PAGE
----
Plug & Play exposes the hopelessness of digital communication

Swiss animator Michael Frei has a strange fascination with fingers. “What I especially like about hands is their expressiveness,” he told Director’s Notes back in 2013. It makes sense: he’s an animator, he uses his hands a lot, to create, to mold, to make actual the visions inside his head. And so do we all, as the hands and their appendages are attributed with our ascendance over all of Earth’s creatures.

obsessed with fitting in with each other. 

With Finger Simulator, Frei had us confront our understanding of what a finger is and how it works; extending their lengths to gross extremities, curling and criss-crossing them like toys. Those same fingers return in Frei’s latest oddity, Plug & Play, right at the start, as if to propose that Finger Simulator was only a compere, an appetizer. They slowly unite from each side of the screen, a soft choir of heavenly voices rising, as if to recall the famous iconography of humanity’s coming-to-be in Michaelangelo’s The Creation of Adam.

But the fusion is clumsy. The fingers miss the collision, so they start over again, and again until you guide them with your own finger to strike. When they do, there’s no godly miracle, no wonder to behold; the nail on the left finger recedes as if a snail into its shell. Whatever was supposed to happen failed. This is the conceit upon which Frei builds his progressive interrogation into the struggles of communicating and connecting in the digital age.

“The word digital originates from the latin word digitus (“a finger or toe”),” Frei also told Director’s Notes. He’s very aware of what metaphor he’s having these fingers play out.

“I love you,” a plug tells a socket it has just met. 

It’s a time when we’re increasingly within reach of each other, unbounded by physical distances due to digital technology, yet the overwhelming volume of information and possible number of connections to be made leaves us … where? Through Plug & Play‘s black-and-white binary world of male and female electronics—the plug and the socket—Frei seems to propose that we have become obsessed with fitting in with each other. The tragedy, it is suggested, is that we find it to be a difficult desire to fulfill.

Many of us are raised on the idea that there’s a single person who is right for us. We may spend our whole lives trying to find this one mystical partner. Some of us never do. To this end, we collect friends we’ve made on the internet, some even pride themselves on having more fake friends than others. A step further may be desperately seeking partners on dating sites, judging each other on a selfie or two. The duration required for us to reject one another has been decreased substantially through these digital roulette wheels. And yet the time and effort required to actually connect with one another, to become friends or lovers, has not lessened at all.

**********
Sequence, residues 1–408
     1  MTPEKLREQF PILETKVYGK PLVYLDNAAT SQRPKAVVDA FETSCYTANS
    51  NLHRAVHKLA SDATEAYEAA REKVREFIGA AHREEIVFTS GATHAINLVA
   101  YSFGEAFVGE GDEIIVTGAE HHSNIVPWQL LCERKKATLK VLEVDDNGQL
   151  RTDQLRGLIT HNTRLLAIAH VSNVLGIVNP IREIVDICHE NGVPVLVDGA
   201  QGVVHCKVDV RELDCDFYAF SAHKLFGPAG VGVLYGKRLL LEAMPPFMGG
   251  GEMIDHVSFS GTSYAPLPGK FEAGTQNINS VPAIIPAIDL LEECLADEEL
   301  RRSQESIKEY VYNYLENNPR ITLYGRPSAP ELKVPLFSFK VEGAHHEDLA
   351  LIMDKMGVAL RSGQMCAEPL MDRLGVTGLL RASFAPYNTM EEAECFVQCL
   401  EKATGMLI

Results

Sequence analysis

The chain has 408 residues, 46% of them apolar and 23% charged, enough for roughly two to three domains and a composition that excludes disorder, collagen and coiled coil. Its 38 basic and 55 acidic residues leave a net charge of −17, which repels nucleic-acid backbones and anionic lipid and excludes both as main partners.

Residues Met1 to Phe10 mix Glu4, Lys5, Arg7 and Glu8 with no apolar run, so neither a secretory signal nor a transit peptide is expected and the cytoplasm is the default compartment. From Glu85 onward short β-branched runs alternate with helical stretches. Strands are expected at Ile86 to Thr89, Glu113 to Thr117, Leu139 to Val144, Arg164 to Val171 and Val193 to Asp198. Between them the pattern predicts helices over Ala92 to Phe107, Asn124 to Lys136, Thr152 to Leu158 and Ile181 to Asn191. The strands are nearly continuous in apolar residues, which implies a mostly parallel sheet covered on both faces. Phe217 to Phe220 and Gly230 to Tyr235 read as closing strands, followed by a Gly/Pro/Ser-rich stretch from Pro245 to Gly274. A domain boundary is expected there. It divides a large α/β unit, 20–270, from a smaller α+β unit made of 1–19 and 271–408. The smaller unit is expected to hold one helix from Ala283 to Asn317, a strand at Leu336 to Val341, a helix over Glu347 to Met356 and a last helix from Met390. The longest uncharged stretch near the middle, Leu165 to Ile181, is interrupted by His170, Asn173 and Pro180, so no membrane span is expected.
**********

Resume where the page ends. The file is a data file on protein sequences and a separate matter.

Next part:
Plug & Play‘s most pertinent scene involves a plug and a socket trying to talk through stock sentences with digitized voices, as if computers had been taught how to chat up each other from pithy cue cards. “I love you,” a plug tells a socket it has just met. “I don’t think I love you,” responds the socket. “Are you sure?” replies the plug. An uncertain discussion around the status of this love becomes more abstract until the pair are reduced to trading “yes” and “no,” constantly in disagreement. It lasts until you change the plug’s response to agree with the socket’s, and when you think they’ve finally found an agreement, verging on a chance to connect, the socket changes her mind and walks off.

destroyed the distinction between the private and the public. 

After this, Frei finds vulgarity in scenes of plugs and sockets connected by ass and head, an Ouroboros resembling the most horrific scenes in The Human Centipede. Those who haven’t found their match take part in orgies in hopes of finding one. Any distinctions between communicating with one and communicating with many have been lost. And those who can’t connect with anyone end up in the dark without the ability to channel the electric current to turn the light back on. It’s strong symbolism and metaphor, but the image that Frei leaves us on in Plug & Play is its most potent. 

We return to the fingers, this time the left hand grabs the right’s forefinger, pulling it off unexpectedly, revealing two prongs at its end. This finger is then plugged into a socket on a wall, still pointing outwards. We push the button above the socket, the light goes out, and the finger goes flaccid. Push it again and it erects in the light.

It’s an image that says our world of mass communication has destroyed the distinction between the private and the public. We celebrate celebrity sex tapes, post every intimate moment on Facebook, take selfies anywhere and everywhere just to prove that we’re still available. The complexity of all our emotional and sensual desires appear as desperate as a sexually-charged reflex powered by an on/off switch.

How many meaningful personal relationships have you made recently? Perhaps the digital age’s goal of bringing us closer together has failed. Maybe we’re all analog people struggling to get on in a digital world.